Healing times will vary depending on size or grade of tear, which your physiotherapist will have a good rough idea of, typically it can vary from 10-14 days for a mild strain, 4-6 weeks for a more moderate strain and 8-12 weeks for a severe strain. Sleep, Nutrition, Age and Rehabilitation and Conditioning strategy, will ultimately affect both healing/recovery and return to sport timeframes. 

Early Stage Management

Early stage management of calf strains is crucial for efficient recovery and optimising the healing environment. 

Accurate Diagnosis: Begin by conducting a thorough assessment, including a detailed history, physical examination, distinguishing whether it’s likely the Gastrocnemius or the Soleus is important as well as ruling out other pathology. 

POLICE Protocol: The initial management should follow the POLICE protocol – Protection, Optimal Loading, Ice, Compression, Elevation.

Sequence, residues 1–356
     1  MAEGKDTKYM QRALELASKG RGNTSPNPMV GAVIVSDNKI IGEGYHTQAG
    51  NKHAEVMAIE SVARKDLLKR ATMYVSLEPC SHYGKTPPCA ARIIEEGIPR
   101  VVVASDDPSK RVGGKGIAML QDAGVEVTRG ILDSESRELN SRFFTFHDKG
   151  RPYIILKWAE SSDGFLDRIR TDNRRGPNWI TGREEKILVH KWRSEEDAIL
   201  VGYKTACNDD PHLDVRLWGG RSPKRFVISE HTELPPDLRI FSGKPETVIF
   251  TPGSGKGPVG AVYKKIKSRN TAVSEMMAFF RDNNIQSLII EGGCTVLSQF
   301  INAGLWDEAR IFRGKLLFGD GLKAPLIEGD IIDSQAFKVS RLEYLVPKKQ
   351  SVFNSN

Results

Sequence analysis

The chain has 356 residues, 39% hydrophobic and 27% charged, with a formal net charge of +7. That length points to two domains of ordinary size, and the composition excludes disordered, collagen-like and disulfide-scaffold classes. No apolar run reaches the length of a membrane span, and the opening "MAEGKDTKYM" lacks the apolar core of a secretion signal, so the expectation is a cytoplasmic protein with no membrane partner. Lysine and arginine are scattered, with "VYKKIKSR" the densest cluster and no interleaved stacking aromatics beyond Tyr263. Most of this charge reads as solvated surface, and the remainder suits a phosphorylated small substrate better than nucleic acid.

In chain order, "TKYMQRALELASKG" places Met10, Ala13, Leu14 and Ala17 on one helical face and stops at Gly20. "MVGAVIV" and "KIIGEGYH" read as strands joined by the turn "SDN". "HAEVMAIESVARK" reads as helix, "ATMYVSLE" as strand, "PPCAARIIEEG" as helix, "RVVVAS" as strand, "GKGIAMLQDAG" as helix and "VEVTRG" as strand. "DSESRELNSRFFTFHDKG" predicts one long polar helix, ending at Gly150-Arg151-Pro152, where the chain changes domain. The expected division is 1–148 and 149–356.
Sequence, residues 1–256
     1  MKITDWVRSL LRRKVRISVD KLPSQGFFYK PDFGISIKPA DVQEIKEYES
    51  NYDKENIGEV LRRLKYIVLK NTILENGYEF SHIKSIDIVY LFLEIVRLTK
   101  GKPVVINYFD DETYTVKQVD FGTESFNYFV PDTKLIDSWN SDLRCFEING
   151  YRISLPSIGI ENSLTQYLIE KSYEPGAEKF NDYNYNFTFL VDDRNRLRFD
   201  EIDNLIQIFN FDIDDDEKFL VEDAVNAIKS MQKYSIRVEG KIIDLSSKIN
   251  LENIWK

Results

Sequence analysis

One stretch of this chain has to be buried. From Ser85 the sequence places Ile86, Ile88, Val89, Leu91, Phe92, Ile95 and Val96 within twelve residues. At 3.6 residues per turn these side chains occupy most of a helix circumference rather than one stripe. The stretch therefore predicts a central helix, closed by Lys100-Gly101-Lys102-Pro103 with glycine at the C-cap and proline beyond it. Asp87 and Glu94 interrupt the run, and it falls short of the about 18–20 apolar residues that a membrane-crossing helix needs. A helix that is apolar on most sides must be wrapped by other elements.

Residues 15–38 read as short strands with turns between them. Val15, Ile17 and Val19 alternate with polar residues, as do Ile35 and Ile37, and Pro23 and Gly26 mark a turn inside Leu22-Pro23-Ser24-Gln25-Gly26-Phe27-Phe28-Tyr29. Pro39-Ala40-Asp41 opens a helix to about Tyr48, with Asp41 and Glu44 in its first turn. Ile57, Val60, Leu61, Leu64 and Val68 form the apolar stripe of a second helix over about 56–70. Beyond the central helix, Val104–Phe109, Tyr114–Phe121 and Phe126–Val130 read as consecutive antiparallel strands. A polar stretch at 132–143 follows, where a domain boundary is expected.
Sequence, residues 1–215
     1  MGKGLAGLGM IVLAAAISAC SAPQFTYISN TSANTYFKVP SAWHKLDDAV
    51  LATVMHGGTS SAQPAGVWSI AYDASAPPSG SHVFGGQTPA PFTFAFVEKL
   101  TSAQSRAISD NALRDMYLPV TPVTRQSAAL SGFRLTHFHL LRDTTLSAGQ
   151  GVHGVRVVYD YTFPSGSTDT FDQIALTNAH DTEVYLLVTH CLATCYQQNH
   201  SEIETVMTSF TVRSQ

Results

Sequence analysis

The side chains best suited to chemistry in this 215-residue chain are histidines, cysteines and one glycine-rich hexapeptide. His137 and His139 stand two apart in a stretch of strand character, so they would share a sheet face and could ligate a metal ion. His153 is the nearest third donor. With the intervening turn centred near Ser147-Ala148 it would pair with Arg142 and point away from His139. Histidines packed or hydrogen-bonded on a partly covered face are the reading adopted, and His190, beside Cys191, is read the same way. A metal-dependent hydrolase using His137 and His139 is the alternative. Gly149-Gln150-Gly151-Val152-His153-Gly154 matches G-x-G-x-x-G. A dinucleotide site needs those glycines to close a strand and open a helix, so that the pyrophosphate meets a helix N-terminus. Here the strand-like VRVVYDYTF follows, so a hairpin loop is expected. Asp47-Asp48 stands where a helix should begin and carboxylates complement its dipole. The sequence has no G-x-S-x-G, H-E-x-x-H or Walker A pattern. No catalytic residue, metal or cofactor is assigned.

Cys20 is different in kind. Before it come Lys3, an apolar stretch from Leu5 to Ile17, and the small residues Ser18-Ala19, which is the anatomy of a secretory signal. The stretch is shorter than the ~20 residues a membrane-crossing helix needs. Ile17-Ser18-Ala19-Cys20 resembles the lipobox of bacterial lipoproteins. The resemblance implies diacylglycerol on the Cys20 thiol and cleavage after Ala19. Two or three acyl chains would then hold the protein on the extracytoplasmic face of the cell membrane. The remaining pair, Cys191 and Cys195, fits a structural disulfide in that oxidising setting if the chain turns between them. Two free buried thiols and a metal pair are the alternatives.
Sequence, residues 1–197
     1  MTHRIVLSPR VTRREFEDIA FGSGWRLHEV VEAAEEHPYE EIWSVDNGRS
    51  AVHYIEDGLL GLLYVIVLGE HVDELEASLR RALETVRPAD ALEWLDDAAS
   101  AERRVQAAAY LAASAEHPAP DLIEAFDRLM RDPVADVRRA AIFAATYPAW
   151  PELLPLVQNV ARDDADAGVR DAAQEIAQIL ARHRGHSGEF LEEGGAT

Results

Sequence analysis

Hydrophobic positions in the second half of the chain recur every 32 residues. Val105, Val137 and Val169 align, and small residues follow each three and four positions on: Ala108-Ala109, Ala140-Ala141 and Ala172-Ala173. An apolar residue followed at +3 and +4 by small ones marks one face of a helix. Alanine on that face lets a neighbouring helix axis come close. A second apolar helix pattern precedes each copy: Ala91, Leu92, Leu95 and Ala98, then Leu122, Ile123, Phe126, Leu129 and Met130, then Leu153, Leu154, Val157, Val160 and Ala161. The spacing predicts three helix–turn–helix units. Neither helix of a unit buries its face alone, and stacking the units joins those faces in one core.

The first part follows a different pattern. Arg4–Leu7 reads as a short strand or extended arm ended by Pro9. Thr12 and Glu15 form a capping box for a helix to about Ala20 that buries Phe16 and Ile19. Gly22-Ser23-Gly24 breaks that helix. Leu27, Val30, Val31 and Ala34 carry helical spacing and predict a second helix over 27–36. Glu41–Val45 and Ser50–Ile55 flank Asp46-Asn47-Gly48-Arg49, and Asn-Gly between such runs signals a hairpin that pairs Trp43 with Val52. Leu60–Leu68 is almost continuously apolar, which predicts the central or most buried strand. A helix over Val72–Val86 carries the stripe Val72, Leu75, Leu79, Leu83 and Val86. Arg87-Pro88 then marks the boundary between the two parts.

Protection: Heel Raises in shoes/trainers, sometimes even Crutches in the early few days can help alleviate pain and continued strain on the damaged fibres may be necessary to protect the injured calf and optimise the healing environment as the body's cellular processes get to work.

Optimal Loading: This crosses over with Protection, however, although we want to protect the damaged tissue, our body responds well to the right amount of load, encouraging the tissue to repair well, maintaining as much strength as we can as the tissue healing process progresses. Complete rest or protection is not good for our body in general and things will begin to weaken further and atrophy if chronically under-stimulated.